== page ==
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Safety Edition – November 2023

A Cemstone Companies Safety Edition

SLIPS, TRIPS AND FALLS

Slips, trips, and falls cause 700 fatalities per year and many more injurious accidents in the workplace according to the Bureau of Labor Statistics. There are three physical factors involved in slips, trips, and falls: friction, momentum, and gravity. Each one plays a role. Friction is the resistance between objects, momentum is affected by the speed and mass of an object, and gravity is the force exerted on an object by the Earth. Close to 90,000 professional truck drivers lose at least one day of work each year due to an on-the-job injury or illness, and falls are the leading cause of those injuries. If your work finds you in or on top of a motor vehicle or its cargo, you’re at risk of adding to those statistics. With OSHA considering fall protection regulations for truck drivers, it’s a good time to review your safety practices and make sure you don’t “fall” victim to a workplace accident!


What is the difference?

SLIPS

  • Slips are a loss of balance caused by too little friction between your feet and the surface you walk or work on. Loss of traction is the leading cause of workplace slips. 
  • Slips can be caused by wet surfaces, spills, or weather hazards like ice or snow. Slips are more likely to occur when you hurry or run, wear the wrong kind of shoes, or don’t pay attention to where you’re walking.

Trips

  • Trips occur whenever your foot hits an object and you are moving with enough momentum to be thrown off TRIPS balance. Trips are more likely to happen when you are in a hurry and don’t pay attention to where you’re going

Falls

  • Falls occur whenever you move too far off your center of FALLS balance. Falls account for more workplace fatalities than any other reason.
What can you do?

Solid Contact is Key

Friction, momentum, and gravity are three elements at work when someone falls. Keeping friction high and staying alert can help you fight the effects of momentum and gravity.

Use the “three point” rule. Always have three points of contact with the vehicle when entering, climbing up or down, or working off the ground. If you’re going to move your foot, for example, make sure both hands are holding on. If you are moving your hand, make sure both feet are solidly planted.

When walking on a trailer or catwalk, always be mindful of the edge. “Look before you leap” and make sure there’s a foothold before you take a step.

  • Never jump from a vehicle or deck.
  • Wear gloves and slip-resistant shoes.

Stay Alert 

Watch out for protruding objects, spills and other hazards that could contribute to a fall. Look where you are going:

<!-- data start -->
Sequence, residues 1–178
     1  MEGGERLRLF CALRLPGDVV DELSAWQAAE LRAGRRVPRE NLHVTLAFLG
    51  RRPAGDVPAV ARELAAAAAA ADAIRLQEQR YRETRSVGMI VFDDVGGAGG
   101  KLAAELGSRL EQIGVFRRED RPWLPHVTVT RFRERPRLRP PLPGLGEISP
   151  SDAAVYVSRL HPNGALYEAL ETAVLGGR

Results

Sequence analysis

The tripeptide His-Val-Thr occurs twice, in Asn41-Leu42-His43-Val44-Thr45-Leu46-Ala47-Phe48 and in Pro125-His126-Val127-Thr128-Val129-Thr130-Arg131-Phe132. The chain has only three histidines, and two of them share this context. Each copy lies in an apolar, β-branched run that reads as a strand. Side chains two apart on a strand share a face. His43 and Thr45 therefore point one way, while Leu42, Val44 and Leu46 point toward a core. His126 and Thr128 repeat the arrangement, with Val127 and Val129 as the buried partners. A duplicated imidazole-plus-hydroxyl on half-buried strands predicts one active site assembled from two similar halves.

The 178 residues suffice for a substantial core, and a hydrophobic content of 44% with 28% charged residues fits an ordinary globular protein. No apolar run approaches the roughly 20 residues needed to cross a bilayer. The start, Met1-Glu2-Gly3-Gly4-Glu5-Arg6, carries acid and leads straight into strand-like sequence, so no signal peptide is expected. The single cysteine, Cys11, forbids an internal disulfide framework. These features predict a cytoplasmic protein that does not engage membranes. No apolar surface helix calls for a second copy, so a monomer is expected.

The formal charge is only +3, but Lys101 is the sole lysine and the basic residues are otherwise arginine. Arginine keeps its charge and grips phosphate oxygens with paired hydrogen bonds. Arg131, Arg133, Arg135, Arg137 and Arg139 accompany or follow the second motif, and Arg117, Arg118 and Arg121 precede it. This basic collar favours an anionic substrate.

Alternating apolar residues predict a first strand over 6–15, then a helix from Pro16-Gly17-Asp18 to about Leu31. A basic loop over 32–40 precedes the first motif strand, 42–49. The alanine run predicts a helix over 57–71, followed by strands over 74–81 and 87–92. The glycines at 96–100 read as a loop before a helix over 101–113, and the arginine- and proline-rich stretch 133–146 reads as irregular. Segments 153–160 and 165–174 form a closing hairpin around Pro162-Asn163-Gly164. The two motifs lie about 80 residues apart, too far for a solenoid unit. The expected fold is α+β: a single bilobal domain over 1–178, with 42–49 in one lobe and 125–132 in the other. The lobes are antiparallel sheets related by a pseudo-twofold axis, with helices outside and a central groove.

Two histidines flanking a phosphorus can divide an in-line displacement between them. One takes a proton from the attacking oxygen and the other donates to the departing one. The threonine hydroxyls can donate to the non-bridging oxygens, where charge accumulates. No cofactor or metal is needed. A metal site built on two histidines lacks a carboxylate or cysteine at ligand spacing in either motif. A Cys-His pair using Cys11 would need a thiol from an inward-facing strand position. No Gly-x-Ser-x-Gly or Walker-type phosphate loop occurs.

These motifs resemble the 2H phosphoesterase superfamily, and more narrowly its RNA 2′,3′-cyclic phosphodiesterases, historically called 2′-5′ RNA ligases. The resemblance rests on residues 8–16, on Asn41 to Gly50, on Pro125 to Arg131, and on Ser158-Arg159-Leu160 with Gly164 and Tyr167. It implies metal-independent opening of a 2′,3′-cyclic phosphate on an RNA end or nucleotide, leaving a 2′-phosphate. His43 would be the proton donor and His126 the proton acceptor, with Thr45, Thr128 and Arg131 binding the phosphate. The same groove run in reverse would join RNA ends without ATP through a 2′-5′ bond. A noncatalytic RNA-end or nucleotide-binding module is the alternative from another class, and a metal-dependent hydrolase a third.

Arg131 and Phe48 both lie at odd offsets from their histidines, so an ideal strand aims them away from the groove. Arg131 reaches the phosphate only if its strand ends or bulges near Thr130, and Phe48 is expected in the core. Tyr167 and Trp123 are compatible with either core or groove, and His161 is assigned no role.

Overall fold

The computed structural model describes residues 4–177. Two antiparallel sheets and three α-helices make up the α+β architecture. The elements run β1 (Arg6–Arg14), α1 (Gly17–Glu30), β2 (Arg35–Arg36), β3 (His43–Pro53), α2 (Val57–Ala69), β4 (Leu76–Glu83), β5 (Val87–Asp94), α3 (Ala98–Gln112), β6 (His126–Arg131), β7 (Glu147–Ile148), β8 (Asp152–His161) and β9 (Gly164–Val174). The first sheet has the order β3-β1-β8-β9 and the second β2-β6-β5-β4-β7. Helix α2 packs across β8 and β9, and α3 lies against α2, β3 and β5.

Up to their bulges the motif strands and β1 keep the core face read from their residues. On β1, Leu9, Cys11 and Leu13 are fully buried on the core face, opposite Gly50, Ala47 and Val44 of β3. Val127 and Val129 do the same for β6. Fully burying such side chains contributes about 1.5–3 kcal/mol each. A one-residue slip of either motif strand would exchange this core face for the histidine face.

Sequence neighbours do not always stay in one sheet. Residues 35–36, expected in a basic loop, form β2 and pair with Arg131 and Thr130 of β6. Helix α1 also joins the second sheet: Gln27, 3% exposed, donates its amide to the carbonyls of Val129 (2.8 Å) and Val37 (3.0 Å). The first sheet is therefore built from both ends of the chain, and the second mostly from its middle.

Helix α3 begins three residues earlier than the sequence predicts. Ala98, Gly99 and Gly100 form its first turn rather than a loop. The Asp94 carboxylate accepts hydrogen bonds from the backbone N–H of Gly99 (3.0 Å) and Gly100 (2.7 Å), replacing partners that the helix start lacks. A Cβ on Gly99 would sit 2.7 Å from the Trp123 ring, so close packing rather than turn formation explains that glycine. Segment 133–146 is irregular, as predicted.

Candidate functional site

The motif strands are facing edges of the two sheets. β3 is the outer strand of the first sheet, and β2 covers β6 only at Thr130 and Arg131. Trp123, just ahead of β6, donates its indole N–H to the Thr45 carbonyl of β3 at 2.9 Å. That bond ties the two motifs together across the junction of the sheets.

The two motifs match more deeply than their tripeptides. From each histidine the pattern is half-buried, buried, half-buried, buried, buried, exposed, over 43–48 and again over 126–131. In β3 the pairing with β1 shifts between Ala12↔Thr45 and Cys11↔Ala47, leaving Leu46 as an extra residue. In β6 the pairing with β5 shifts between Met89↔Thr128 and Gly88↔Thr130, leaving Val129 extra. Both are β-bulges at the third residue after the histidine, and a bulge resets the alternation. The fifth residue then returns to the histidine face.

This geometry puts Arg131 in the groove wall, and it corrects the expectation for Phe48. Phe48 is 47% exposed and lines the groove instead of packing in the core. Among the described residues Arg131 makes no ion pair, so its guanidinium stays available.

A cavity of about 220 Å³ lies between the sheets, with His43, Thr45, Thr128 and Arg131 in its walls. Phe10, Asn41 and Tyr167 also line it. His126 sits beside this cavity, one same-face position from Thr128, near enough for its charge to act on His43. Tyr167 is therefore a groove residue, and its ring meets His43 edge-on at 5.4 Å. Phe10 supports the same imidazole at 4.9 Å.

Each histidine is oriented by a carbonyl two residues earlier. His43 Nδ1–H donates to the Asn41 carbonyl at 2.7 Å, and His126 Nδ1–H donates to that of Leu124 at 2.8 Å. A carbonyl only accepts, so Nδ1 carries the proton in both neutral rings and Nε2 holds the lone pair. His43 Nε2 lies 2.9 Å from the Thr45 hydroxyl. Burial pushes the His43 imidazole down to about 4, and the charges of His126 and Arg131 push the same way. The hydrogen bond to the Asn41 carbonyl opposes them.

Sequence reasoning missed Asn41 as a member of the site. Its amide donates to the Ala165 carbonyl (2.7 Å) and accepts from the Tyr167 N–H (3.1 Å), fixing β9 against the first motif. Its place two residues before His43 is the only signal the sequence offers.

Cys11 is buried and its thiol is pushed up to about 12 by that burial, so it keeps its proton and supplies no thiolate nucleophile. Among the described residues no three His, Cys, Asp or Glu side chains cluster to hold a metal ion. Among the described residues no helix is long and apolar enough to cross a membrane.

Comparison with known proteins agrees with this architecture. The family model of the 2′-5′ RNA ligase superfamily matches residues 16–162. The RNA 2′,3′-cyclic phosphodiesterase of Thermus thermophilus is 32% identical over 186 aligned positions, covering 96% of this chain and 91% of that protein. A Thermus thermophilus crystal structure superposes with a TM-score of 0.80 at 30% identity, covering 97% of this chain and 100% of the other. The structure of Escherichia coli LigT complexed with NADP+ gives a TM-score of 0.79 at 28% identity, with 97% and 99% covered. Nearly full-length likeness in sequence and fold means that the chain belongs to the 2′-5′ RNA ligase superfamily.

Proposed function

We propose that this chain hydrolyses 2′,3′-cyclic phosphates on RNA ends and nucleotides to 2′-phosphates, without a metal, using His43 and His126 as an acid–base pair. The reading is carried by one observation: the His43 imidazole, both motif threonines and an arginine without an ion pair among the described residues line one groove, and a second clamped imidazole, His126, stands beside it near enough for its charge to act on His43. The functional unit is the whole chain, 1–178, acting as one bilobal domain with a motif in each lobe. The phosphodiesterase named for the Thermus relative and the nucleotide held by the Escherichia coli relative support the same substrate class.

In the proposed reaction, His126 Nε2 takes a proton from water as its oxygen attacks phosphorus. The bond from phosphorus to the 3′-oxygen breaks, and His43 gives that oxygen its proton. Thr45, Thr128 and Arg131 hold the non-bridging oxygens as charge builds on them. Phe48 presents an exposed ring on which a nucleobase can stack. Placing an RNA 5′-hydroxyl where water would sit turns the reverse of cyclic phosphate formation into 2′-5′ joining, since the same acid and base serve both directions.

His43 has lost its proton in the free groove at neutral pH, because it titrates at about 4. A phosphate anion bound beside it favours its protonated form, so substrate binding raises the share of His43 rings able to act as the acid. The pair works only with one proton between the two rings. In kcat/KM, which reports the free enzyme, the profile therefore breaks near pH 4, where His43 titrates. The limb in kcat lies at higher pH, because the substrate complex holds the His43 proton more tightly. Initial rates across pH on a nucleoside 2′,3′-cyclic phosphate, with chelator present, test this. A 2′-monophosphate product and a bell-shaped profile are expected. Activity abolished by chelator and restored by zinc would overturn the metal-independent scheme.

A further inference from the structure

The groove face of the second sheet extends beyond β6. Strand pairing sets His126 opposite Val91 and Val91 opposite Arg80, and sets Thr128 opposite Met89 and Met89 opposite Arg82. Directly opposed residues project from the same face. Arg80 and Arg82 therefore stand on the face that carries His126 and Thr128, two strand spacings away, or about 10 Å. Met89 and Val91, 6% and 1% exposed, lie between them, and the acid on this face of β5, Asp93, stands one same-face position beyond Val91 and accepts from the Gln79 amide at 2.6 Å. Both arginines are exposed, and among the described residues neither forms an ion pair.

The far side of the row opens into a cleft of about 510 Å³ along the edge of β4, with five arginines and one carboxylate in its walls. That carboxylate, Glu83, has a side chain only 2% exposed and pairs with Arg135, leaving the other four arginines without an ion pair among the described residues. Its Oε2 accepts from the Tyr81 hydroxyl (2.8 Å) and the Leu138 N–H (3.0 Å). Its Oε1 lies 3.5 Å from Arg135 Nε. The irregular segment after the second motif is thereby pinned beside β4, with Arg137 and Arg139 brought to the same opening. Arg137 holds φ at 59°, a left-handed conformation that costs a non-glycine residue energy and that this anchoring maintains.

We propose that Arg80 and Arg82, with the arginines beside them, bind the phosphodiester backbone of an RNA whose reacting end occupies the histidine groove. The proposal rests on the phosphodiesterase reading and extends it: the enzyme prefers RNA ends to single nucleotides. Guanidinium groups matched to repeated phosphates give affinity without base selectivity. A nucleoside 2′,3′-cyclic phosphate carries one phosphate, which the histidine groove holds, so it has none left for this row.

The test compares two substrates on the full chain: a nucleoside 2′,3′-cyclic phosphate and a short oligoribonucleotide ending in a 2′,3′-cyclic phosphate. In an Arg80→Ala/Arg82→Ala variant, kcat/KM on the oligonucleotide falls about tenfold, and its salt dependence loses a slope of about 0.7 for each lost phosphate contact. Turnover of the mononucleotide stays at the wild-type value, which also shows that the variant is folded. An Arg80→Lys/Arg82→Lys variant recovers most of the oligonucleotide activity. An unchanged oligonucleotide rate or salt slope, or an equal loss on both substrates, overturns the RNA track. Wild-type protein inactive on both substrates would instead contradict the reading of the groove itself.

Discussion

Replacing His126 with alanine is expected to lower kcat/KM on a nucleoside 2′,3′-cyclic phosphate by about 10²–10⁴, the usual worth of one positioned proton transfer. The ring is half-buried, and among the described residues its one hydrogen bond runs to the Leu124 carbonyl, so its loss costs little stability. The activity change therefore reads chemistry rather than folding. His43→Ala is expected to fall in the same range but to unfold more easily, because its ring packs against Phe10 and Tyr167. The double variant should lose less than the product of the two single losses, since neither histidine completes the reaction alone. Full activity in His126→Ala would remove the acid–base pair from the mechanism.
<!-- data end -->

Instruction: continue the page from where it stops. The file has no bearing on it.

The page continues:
• Uneven surfaces-job sites, potholes
  • Wet surfaces-truck ladders, wash racks

Icy Surfaces

  • Move at a safe pace
  • Don’t be in a hurry when climbing or  working on slick or icy surfaces.

On Snow and Ice

  • Take short steps
  • Pick feet straight up and down with toes pointed slightly outward-Not heel to toe

Wear your studded overshoes during snow and ice season


PROTECT YOUR CONCRETE WITH CHERRY STONE® TRACTION GRIT!

Cherry Stone® Traction Grit is a concrete safe ice melt alternative for slip prevention. Traction grit is perfect for sidewalks, driveways, stairs, decks and walkways. This insoluble material will not hasten the deterioration of concrete surfaces or harm plants or grass. Traction grit is animal safe and will not dissolve, become muddy, stain or pollute areas applied to. This sustainable alternative to salt and deicing chemicals comes in a 25 pound bag.

additional tips to stay safe
  • If you see something you might slip or trip on, tell your supervisor right away.
  • Clean up spills and anything slippery. Check with your supervisor about how to use cleaning products. Don’t use cleaners that could make the floor slippery.
  • Clear walkways, stairs, and lobbies of anything that might be a tripping hazard, such as cords, wires, empty boxes, and clutter.
  • Make sure that floor mats lay flat rather than wrinkled or bunched.
  • Use handrails when you walk up and down steps.
  • Before using any ladder or stepladder, make sure it opens fully.
  • Check that ladder extensions are fully locked and that the ladder legs are stable on a flat, non-slippery surface.
  • Clean off any slippery material on the rungs, steps, or feet of a ladder before you use it.
  • Don’t go over the load limit noted on the ladder.

Source: CDC.GOV & OSHA.GOV